The 11th Dam Yeun Academic Award presented by the Korean Society for Biotechnology and Bioengineering (KSBB) to a biologist under 45 years old went to Professor Ki-Jun Jeong of the Chemical and Biomolecular Engineering Department at KAIST. The award ceremony took place on October 13, 2015, at the annual conference of KSBB held at Songdo Convensia in Incheon City. Each year KSBB announces the recipient of the award based on the publications by researchers in the last five years at peer-reviewed international journals or KSBB Journal as well as the record of patent registration and technology transfers. Professor Jeong is recognized for his pioneering research in protein, antibody, cellular engineering, and protein displays and chips.
Professor Sang-Min Bae receives the 2015 IDEA Awards
Professor Sang-min Bae of the Industrial Design Department at KAIST garnered one silver and two bronze awards from the 2015 International Design Excellence Awards (IDEA). Along with iF Design Award and Red Dot Design Awards, the IDEA is regarded as one of the world’s most respected recognition in the field of design. Trash to Bin (T2B), a silver winner in the category of Social Impact Design, is a trash bin made of 1.87 lb (0.85 kg) of discarded papers. Using one-hundred percent recycled paper pulp, each T2B costs under $5 for production. The bin can be fully waterproofed for at least six hours. While satisfying with the industry safety standards, this environmentally-friendly bin can be produced on a large scale using litter energy, but offering the exact same benefit of a general garbage can. Roll-Di, one of the two bronze winners, is a direction indicator that tells which string of screen curtains should be pulled to make the curtain go up or down. As shown in the picture below, Roll-Di can be installed at the bottom of the string, and the “up and down” arrows show which side of the string needs to be pulled to achieve the desired position of the curtain. This simple, yet handy solution to the problem that people frequently make the mistake of pulling the wrong string provides users with greater convenience. The other bronze winner is Printing Solar-cell, an organic cartridge module that prints solar-cells using a domestic, ink-jet printer. With Printing Solar-cell, users can design their own cell patterns and charge their electronics anywhere holding the printed solar-cell on a copy paper. Professor Bae said, “I’ve always tried to design something that is useful for people in need. I consider the IDEA awards an encouragement to keep up with my work toward that goal.” Trash to Bin Roll-Di Printing Solar-cell
A Technology Holding Company Establishes Two Companies Based on Technologies Developed at KAIST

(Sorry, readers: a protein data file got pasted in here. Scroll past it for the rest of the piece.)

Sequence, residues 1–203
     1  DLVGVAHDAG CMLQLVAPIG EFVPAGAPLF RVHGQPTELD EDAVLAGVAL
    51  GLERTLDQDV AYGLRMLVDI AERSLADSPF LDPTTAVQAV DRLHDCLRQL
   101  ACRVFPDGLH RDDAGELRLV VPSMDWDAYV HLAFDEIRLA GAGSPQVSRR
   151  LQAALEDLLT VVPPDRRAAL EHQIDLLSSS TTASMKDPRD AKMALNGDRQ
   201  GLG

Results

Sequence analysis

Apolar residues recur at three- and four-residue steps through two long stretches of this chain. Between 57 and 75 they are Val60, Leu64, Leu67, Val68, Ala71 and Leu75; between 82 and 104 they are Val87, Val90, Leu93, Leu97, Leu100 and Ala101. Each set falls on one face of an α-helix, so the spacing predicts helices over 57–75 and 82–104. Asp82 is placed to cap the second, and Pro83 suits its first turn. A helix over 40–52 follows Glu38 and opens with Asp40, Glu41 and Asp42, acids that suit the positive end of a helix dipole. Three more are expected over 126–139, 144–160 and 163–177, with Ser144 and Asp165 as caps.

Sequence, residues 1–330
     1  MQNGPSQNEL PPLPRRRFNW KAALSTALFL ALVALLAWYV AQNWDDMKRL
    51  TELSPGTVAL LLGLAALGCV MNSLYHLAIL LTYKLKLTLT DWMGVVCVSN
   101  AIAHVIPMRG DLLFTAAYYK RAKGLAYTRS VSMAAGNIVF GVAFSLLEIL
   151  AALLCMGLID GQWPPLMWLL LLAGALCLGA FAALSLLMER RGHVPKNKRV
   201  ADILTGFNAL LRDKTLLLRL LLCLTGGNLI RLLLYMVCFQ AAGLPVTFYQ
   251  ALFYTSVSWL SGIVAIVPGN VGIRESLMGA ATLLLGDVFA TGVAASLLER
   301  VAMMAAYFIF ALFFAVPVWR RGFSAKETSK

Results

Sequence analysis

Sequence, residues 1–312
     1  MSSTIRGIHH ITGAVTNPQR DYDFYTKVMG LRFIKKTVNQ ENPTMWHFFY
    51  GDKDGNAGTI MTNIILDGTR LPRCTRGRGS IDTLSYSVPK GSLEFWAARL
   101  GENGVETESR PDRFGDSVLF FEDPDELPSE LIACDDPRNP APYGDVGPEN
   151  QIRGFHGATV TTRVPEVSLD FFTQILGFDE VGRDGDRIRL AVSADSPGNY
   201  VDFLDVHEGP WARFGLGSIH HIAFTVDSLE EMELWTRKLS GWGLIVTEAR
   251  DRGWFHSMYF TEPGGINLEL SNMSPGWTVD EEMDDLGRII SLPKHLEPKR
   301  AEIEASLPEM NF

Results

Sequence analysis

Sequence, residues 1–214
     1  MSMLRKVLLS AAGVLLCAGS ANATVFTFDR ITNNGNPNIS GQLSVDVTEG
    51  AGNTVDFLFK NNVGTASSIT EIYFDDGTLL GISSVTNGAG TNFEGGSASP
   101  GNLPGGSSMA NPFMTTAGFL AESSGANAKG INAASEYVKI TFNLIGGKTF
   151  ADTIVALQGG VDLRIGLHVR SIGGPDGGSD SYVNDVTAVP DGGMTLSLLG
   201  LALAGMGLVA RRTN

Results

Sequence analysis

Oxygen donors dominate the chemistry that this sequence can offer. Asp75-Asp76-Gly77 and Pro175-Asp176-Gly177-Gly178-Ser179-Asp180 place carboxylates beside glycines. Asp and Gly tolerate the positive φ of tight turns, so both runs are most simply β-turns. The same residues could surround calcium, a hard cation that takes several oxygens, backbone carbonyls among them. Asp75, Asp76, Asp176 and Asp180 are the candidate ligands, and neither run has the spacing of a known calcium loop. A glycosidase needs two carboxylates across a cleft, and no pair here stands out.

Mirae Holdings is a technology holding company created by four science and technology universities, KAIST, DIGIST (Daegu Gyeongbuk Institute of Science and Technology), GIST (Gwangju Institute of Science and Technology), and UNIST (Ulsan National Institute of Science and Technology) in 2014 to commercialize the universities’ research achievements. The company identifies promising technologies for commercialization, makes business plans, establishes venture capitals, and invests in startup companies. Over the past year, Mirae Holdings has established two venture companies based on the technologies developed at KAIST. In September 2014, it founded Cresem Inc., a company used the anisotropic conductive film (ACF) bonding technology, which was developed by Professor Kyung-Wook Paik of the Material Science and Engineering Department at KAIST. Cresem provides a technology to bond electronic parts ultrasonically. The company is expected to have 860,000 USD worth of sales within the first year of its launching. Last June, Mirae Holdings created another company, Doctor Kitchen, with the technology developed by Professor Gwan-Su Yi of the Bio and Brain Engineering Department at KAIST. Doctor Kitchen supplies precooked food, which helps diabetic patients regulate their diet. The company offers a personalized diet plan to customers so that they can effectively manage their disease and monitor their blood sugar level efficiently. The Chief Executive Officer of Mirae Holdings, Young-Ho Kim, said, “We can assist KAIST researchers who aspire to create a company based on their research outcomes through various stages of startup services such as making business plans, securing venture capitals, and networking with existing businesses.” Young-Ho Kim (left in the picture), the Chief Executive Officer of Mirae Holdings, holds a certificate of company registration with Sang-Min Oh (right in the picture), the Chief Executive Officer of Cresem. Young-Ho Kim (left in the picture), the Chief Executive Officer of Mirae Holdings, holds a certificate of company registration with Jae-Yeun Park (right in the picture), the Chief Executive Officer of Dr. Kitchen.
Polymers with Highly Improved Light-transformation Efficiency